Top 10: City Cars
Want a small car that’s as capable on the open road as it is around town? Well, there’s a plentiful choice on the market and you won’t have to settle for something dull and basic. Here are the most popular top 10 as decided by you.
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We're probably as surprised as you are to find the Ignis as the most popular city car on HonestJohn.co.uk. We like the quirkiness of the little Suzuki and it appears that it's getting plenty of interest from readers too. It's good value for money given the amount of standard kit you get plus it offers more space than the average city car.
While the impressive Boosterjet engine isn't available in the Ignis, the little 1.2-litre petrol offers plenty of get-up-and-go plus it returns decent economy.
The i10 is proving such a hit with buyers that it won our 2017 City Car Award - the second year in a row it has done so. It’s no surprise given how good the i10 is. It’s a mature offering that is roomy and great to drive while cabin quality is impressive too.
The 66PS 1.0-litre engine isn’t the last word in performance with a 0-62mph time of almost 15 seconds, but it feels peppier than you’d expect and 60mpg economy will keep running costs admirably low. If you want a small car that handles longer trips as well as the urban grind, this should be at the top of your list.
While the Up might be a tad pricier than its Skoda and SEAT brethren there’s a classy feel to the interior that’s lacking in the others. It looks sharper on the outside too.
The 60PS engine is decent enough and manages 63mpg, but if you regularly carry a full complement of passengers, or spend a lot of time on the motorway, you’re better off with the 75PS unit. Almost as economical, it shaves over a second from the 0-62mph time.
The Citigo is virtually identical to its SEAT Mii cousin, so there’s little to choose between them. Opting for the version with the Skoda badge will secure the same solidly built city car with decent driving manners and a characterful three-cylinder engine. There’s also a good choice of trim levels to suit your budget.
Even base models are reasonably well-equipped though so you don’t have to break the bank and the low running costs will be easy on the pocket as well. Considering its compact dimensions ,the Citigo is reasonably practical too with a 238-litre boot.
Even almost a decade on, the 500 is as popular as ever. The chic looks and funky interior are the stand-out features, plus of course there’s a mind-boggling array of personalisation options. It's rare you ever see two the same.
It isn’t the most engaging drive, but it still has the capacity to entertain. The TwinAir model is an unusual two-cylinder engine and while it falls short of its claimed economy figures, you should still be seeing more than 45mpg according to Real MPG.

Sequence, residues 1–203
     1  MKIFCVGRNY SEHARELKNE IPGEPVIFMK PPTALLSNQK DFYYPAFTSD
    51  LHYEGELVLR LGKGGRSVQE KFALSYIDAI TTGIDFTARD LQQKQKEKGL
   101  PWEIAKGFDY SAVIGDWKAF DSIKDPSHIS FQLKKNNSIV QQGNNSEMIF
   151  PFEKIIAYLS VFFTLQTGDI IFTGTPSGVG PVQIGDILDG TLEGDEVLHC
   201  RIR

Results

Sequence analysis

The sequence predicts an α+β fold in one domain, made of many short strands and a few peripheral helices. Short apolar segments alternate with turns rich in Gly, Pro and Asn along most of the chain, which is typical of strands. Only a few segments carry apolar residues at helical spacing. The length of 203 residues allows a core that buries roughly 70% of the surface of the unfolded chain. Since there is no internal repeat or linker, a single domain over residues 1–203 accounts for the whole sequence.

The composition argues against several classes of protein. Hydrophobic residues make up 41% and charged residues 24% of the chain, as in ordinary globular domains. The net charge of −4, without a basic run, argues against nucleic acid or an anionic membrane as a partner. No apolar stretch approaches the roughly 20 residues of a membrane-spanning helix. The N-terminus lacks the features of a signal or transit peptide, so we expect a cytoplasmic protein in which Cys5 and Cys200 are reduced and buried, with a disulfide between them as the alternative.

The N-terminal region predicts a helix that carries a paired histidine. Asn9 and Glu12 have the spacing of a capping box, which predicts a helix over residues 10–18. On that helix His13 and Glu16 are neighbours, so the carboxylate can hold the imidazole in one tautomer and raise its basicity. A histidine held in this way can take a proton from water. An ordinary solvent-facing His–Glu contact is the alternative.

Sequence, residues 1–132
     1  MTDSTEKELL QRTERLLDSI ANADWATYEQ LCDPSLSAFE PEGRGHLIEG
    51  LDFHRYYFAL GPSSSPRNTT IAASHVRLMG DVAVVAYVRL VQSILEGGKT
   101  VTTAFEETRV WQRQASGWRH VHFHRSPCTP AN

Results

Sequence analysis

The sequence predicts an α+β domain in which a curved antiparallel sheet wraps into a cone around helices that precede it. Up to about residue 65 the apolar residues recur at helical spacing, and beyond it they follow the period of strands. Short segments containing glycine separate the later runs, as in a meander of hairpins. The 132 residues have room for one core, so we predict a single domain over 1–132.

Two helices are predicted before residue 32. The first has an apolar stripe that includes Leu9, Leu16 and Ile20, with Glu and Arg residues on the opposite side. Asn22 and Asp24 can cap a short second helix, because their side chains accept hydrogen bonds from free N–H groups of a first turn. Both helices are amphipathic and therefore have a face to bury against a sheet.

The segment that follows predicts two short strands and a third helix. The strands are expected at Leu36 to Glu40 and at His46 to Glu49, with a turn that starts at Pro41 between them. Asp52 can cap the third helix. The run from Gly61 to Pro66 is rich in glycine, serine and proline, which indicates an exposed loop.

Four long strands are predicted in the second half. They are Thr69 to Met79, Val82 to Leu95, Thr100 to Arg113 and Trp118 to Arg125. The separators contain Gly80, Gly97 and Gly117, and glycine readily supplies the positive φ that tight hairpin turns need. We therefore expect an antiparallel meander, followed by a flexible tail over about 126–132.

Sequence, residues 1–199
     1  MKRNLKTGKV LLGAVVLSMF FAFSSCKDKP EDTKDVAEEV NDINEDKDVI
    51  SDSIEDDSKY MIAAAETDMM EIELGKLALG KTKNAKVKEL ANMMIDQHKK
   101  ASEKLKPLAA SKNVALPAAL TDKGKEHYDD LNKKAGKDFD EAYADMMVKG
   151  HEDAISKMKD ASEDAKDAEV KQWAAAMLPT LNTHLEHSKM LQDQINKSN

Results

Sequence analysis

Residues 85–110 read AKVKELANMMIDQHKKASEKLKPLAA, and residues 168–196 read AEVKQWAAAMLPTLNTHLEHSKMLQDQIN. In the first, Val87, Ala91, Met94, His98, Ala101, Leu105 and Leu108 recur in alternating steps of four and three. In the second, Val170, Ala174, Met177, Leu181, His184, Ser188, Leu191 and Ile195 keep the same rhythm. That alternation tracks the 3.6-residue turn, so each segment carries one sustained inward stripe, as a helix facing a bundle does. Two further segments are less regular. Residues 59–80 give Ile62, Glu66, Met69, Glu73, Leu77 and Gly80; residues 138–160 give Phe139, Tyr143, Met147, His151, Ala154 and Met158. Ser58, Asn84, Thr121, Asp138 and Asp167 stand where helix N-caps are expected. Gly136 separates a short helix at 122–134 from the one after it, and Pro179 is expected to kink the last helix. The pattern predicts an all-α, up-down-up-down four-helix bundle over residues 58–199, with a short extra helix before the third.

While the Aygo is slightly more expensive than its Citroen C1 and Peugeot 108 cousins, the Aygo offers the most distinctive looks of the trio thanks to the bold X design. But the real reason for choosing the Toyota is the standard five-year warranty.
Aside from a few hard plastics the cabin is a good quality, proving comfortable and refined on longer journeys. All models get the same 1.0-litre engine that will realistically return more than 50mpg, making this a cheap to run small car.
The Panda may have had its limelight stolen by the far more chic 500 - but if it's practicality you value, the dimunitive Fiat is impressive for a such a small car. While interior quality isn't the best, there's lots of space and the unusual design still looks good.
The driving experience is pleasant rather than sparkling but it is available with the same Twinair engine as the 500 alongside a 1.2-litre petrol. And if you want a more rugged look, there's the Panda City Cross.
The Celerio had a rocky start in the UK due to a brake issue, but with that all sorted it remains something of a mixed bag. On the plus side it has a spacious cabin and one that’s well-equipped in entry-level form with niceties such as a DAB radio and air-conditioning all fitted as standard.
However, the quality of the finish is not the best and it feels dated. But considering prices start at just £7500 it is cheap plus with economy of more than 60mpg it will prove cheap to run.
Model-for-model, the 108 might be slightly more expensive than its Citroen C1 counterpart, but it’s all very similar inside with the same comfortable and neatly-styled cabin. While the C1 is seen as the youthful option, the 108 is marketed as more 'sophisticated'.
There’s the same 68PS three-cylinder engine which is frugal if a little lacking in performance, 0-62mph taking a slightly lengthy 14.3 seconds, although it manages to feel livelier than that in reality. What may prove more off-putting is the miserly 196 litres of boot space with the rear seats in place.
SEAT has (kind of) positioned itself as the sporty brand out of itself, Volkswagen and Skoda. Hence all the FR and Cupra models it does. Although that doesn't explain the Alhambra. But nevertheless, it does mean you can get a Mii with funny stripes on the bonnet and black wheels. See above.
It is of course not that different from an Up or Citigo. In fact inside it's pretty much identical, save for the badge on the steering wheel. Four our money these set the benchmark for city cars, especially when it comes to driving enjoyment.